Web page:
It's been a while since I've had any "active" projects. I'm getting ready to do a helmet paintjob for a member and since we have a long weekend,
I was thinking I'd do a tutorial of sorts to show how I do my helmet painting templates.
There are some amazing .pdf files on the site from Count Dookie that cover almost all of the ESB helmet, and if you use those,
you could adapt some of the steps I'll explain to make them fit your helmet.
OK, on with the show!
So you've got your nice, shiny new Boba bucket and you want to do a killer paint job, but you're just not sure where to start.
You puzzle about it till your puzzler is sore! (apologies to Dr. Seuss )
A lot of us want to do an accurate paint job. In other words, get your helmet as close as you can to what was seen on screen, or in the exhibits.
So you might wonder how you can go about it.
Or you may just be wondering:
I'll try to help out with the answer to one of those two questions! Read on.
What you'll need is a method to place the details and damage from the real helmet as accurately as possible onto your helmet.
Since 99.9999999999999% of us don't have access to the LFL archives, we'll have to make do with reference pictures.
There's a free resource right here on TDH with millions of reference pictures of all sorts of different parts of the Boba Fett costumes, with some incredible shots of the different helmets. OK, maybe not millions, but there are at least 3 or 4 oodles. If you're not familiar with the TDH Reference Archive, go to:
User ID is: tdhmember
Password is: ilovetdh
It really is an unbelievably rich resource, provided most graciously by this very site which we all know and love!
I've been using these pics for years. In fact, I've got a large portion of them saved to my 'puter and use them all the time when I'm doing painting projects.
Don't believe me???? Well here's proof!
Next, I'll explain how to make your very own painting templates!
NOTE: You must have a helmet in hand to use this technique! There are several different helmet makers out there, and each of their helmets have slightly different measurements.
In this tutorial, I'm using my FPH helmet as an example. The helmet I'm about to paint is also an FPH.
First things first: supplies. Nothing high tech here, folks, just some standard tracing paper, a ruler, and a pencil.
A bit later in our program, a small paintbrush will come into play as well.
You want to use a ruler that has very small gradations. I prefer to work in millimeters when I measure my pictures.
I can just get more accuracy that way than working with 1/16ths of inches.
But hey! Whatever floats your sail barge!
What you'll want to do is take a measurement of a certain part of your helmet. I work in small sections and make many templates when painting.
I'll use the rear keyslot area as an example here.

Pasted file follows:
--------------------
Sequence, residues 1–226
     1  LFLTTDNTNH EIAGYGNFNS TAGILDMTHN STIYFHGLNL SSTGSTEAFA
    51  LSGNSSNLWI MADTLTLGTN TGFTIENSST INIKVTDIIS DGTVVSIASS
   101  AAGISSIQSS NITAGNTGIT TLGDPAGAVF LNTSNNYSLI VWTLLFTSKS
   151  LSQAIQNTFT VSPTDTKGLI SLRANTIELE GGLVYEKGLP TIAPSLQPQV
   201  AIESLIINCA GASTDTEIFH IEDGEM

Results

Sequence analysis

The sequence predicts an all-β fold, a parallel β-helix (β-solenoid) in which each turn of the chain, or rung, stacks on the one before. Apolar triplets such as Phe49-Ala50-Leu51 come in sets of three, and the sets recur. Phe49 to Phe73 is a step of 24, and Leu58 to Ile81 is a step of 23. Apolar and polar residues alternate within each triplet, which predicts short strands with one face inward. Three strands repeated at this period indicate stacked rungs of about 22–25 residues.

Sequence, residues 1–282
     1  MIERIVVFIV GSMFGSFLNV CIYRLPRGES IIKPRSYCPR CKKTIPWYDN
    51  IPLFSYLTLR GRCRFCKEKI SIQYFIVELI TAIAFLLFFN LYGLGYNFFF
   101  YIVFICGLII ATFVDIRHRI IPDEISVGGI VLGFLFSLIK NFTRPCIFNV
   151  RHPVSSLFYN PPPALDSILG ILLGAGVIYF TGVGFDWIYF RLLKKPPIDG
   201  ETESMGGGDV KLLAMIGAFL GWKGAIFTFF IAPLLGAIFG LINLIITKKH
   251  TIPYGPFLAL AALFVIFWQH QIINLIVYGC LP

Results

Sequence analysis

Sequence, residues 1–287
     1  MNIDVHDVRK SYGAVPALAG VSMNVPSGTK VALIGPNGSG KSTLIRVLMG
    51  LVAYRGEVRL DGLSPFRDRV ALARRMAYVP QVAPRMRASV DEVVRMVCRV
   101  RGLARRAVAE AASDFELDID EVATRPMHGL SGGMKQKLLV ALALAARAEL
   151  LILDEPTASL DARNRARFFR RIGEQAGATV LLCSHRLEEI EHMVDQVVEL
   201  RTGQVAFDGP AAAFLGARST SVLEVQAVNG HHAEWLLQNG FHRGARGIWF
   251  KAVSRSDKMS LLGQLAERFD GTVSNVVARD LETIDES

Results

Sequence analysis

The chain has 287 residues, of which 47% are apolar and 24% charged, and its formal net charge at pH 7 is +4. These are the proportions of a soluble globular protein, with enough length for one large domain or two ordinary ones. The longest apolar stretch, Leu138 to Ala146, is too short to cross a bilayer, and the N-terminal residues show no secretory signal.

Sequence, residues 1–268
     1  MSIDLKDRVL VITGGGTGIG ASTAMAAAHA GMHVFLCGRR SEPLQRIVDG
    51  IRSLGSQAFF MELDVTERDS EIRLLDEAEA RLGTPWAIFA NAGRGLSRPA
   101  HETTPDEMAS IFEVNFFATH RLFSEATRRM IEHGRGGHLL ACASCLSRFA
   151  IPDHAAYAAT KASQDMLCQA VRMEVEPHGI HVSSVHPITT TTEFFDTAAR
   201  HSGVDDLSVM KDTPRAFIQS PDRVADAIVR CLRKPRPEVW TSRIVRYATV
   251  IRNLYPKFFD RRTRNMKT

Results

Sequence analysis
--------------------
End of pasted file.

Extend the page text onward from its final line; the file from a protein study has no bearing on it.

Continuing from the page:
I measure the width of the keyslots on my FPH helmet:
Next, I'll find a picture in the reference archive that shows the most direct angle of the keyslot area. That's important!
You're basically transferring a 2-dimensional image (reference picture) onto a 3-dimensional object (your helmet.) So to avoid distortion, find the most oblique image you can find. It will make the shapes and proportions of your details better.
Once you pick your reference image, simply scale it on your monitor till it matches the measurement of your helmet.
I've scaled this picture of the keyslots until the width is the same as my FPH helmet:
The next step involves some steady hands and some patience! Hold a piece of tracing paper up to your monitor and trace the shapes of the details.
When I do this, I usually trace the outlines of the silver and gray damage only.
Once I paint these onto my helmet, they give me enough "landmarks" to add the darker maroon by eye.
After you've traced the damage areas, here's what you'll wind up with:
So now you have a traced outline that's scaled exactly for your helmet!
But. . . what do you do now??? How do you actually use this template???
Hmm. . . there has to be a way. . . umm. . . magic??. . . no, not magic. Let's see. . . if I find a lamp with a Genie inside it. . .
nah, that would take too long. . . A-HAAA!
What I do next is pretty crazy. So crazy it just might work!
I flip the tracing paper over and trace over all the outlines on the back side. This gives me a mirror image of the template.
After you've traced onto the back of the paper, it's a simple process of holding the template (right side out again) against the helmet and rubbing it onto the surface. I just use the back of a skinny paint brush to transfer my pencil lines.
Here I'm transferring the pattern onto a sheet of paper.
What you'll wind up with looks like this:
Once your template is transferred to the helmet, you can use it as a guide when painting on the damage. I still keep the reference pictures handy while painting. The templates give me a great guide for shapes and proportions, but it's practically impossible to transfer every tiny detail. So the good ol' eyeball is still tremendously important!
Well, hope that gives people some good ideas about learning new painting techniques and improving accuracy! If you'd care to comment I'd love to hear from you guys.
No comments about me being a huge goofball. . . I'm well aware of that already!
Thanks for reading,